One hundred and sixty-one days after the murder of Michael Brown in Ferguson, Mo., hundreds of activists from all around the state of Texas once again gathered to protest police brutality, the lack of justice for murdered unarmed black men and women at the hands of police officers and vigilantes, and for the recognition that black lives deserve the same respect and access to justice as their white counterparts. With the idea that some people believe the #BlackLivesMatter movement is over since it is no longer a trending topic, the leaders of the march, Chas Moore and X (referring to herself as X in order to not detract from the message of the march), emphasized the importance of maintaining the momentum of the movement and creating long term change.
Under the shadow of the Martin Luther King, Jr. statue on the University of Texas at Austin’s campus, black leaders, poets and religious figures took to the megaphone to speak of the problems plaguing the black community nationwide and in their respective cities. Many spoke of cases of police brutality affecting their hometowns, including the murders of Larry Jackson in Austin and Clinton Alleen in Dallas, both unarmed black men killed by police officers. They also spoke of the fear they had for their own children and the fact that the frequent killing of black lives at the hands of the police is a new normal for them. One extraordinary young man stated the fact that he was willing to give his time, energy and even his life like the protesters of the Civil Rights movement if it meant that change would come.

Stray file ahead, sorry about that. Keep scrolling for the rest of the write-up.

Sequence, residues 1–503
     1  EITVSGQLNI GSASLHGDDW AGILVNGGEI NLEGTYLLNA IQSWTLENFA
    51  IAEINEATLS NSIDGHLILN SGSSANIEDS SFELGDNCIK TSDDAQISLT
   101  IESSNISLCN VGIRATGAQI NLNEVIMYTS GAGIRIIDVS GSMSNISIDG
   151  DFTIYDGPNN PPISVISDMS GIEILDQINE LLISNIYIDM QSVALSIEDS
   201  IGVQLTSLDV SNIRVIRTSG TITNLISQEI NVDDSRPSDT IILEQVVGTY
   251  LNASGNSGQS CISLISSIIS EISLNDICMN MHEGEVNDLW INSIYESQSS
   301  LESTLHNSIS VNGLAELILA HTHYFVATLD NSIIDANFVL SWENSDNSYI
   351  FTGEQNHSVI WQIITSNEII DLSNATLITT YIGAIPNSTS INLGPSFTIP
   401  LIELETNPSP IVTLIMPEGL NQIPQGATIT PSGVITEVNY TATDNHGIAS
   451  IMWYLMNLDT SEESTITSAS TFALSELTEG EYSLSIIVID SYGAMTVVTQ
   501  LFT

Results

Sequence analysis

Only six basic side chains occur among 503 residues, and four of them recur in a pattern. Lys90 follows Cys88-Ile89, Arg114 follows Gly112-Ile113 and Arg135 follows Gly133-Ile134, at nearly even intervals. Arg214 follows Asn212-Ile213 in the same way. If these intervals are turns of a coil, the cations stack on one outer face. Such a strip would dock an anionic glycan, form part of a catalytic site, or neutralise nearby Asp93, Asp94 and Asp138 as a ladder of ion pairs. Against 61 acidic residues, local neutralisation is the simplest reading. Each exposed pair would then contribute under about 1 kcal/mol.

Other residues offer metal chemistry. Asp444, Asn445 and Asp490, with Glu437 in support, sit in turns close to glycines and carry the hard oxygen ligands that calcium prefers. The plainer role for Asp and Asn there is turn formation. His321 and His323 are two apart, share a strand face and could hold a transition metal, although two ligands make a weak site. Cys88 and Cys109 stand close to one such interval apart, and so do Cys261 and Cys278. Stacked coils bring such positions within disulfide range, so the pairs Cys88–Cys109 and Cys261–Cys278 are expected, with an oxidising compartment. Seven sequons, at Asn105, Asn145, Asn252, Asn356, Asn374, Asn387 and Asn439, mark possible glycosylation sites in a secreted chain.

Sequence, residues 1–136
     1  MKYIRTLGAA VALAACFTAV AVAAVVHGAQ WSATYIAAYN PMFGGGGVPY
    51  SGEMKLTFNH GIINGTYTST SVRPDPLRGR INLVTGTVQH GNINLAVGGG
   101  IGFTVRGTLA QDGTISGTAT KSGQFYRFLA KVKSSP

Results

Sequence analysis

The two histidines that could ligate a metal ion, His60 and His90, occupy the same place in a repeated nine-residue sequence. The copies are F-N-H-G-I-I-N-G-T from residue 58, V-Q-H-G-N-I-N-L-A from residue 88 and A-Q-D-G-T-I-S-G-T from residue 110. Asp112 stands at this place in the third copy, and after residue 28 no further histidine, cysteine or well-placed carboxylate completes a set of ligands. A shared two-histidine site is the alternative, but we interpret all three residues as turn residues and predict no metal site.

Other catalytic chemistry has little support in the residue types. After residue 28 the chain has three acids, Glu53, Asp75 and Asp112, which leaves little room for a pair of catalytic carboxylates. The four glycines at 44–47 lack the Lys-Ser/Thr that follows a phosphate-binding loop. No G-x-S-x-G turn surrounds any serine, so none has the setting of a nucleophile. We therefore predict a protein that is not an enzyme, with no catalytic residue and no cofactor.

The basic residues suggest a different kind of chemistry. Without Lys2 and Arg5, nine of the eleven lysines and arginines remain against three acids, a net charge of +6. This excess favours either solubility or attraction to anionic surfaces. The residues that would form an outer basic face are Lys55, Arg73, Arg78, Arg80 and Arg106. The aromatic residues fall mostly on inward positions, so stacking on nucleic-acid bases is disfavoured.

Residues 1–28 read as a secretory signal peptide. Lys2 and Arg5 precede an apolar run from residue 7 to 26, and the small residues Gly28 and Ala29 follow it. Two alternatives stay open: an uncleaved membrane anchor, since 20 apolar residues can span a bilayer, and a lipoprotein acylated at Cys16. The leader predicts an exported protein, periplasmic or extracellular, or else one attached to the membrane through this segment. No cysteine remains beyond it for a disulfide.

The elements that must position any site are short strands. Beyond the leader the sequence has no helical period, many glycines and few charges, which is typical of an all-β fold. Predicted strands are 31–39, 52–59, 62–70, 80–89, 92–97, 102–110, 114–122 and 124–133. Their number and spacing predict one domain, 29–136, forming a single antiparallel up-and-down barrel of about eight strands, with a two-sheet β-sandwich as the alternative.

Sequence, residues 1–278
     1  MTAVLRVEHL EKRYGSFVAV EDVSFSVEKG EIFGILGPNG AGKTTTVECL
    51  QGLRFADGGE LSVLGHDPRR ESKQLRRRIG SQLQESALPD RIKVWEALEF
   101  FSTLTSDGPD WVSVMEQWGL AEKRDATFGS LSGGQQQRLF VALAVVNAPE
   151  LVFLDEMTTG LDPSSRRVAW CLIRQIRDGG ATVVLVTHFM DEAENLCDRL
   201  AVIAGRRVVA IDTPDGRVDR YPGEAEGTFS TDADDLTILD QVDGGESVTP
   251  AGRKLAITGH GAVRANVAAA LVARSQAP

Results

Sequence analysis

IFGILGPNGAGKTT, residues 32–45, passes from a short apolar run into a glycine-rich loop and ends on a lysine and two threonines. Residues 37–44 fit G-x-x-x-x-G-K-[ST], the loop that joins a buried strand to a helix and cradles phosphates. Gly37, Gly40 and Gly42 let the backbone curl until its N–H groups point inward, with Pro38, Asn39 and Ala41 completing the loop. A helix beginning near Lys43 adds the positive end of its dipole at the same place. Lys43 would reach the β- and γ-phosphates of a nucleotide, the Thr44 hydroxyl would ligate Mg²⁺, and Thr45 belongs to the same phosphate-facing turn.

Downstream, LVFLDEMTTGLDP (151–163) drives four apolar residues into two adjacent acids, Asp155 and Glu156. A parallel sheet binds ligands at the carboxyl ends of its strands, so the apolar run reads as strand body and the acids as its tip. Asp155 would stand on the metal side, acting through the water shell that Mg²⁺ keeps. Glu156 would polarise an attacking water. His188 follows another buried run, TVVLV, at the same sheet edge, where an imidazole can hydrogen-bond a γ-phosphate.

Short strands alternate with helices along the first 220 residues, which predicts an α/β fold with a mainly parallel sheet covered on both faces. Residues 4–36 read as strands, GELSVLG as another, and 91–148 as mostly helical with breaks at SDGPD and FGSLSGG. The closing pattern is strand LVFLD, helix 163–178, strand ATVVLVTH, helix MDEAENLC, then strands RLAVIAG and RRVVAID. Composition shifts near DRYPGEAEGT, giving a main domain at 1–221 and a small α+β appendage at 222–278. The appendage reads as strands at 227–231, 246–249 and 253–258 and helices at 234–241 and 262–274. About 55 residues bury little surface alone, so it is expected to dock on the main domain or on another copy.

See more images from Millions March Texas here
Unlike other marches I’ve attended, this one brought special attention to black female lives, black trans lives and black queer lives lost to police brutality as a response to how they are often ignored in the #BlackLivesMatter movement. One speaker mentioned Sheneque Proctor, who died of asthma complications in an Alabama jail cell after her pleas for help were ignored, being dubbed “The Female Eric Garner” rather than her actual name in headlines about the story. These speakers spoke on the behalf of marginalized groups within the black community and emphasized that #BlackLivesMatter should mean all black lives matter and not just the lives of black males.
Moore decided to retire the slogan “Hands Up, Don’t Shoot,” in favor of “Hands Down, Fist Up” declaring that putting one’s hands up implies surrender. This difference reflects a change in the movement which is no longer plagued by nightly violence by police like Ferguson in the wake of Michael Brown’s death, but still is more peaceful, yet just as equally rebellious, defiant and not eager to be silenced.
After the the speakers poured their hearts out, the march to the capitol began. Hundreds walked with their homemade signs, flags and banners, chanting slogans like “Hands Up, Don’t Shoot” and “I Can’t Breathe” that have defined the #BlackLivesMatter movement. Once the protesters reached the capitol, they entered one by one into the building with their signs and fists up to make their presence known to the legislators and politicians in the building.
While there were a handful “revolt on the weekend” protesters out who didn’t seem to take the march seriously (including a white girl who took a selfie in the middle of the march, shocking several groups of people behind her), the overall tone of the march was one of serious dedication to change. Millions March Texas cemented the fact that the #BlackLivesMatter movement will not be ending anytime soon. Even before the march ended, Moore mentioned plans to protest during SXSW, Austin’s largest festival of the year, in March. While #BlackLivesMatter is no longer in your newsfeed, these leaders and protesters are out in the streets with their hands down and fists up hoping to make as big of an impact as Martin Luther King, Jr. and the thousands who marched behind him.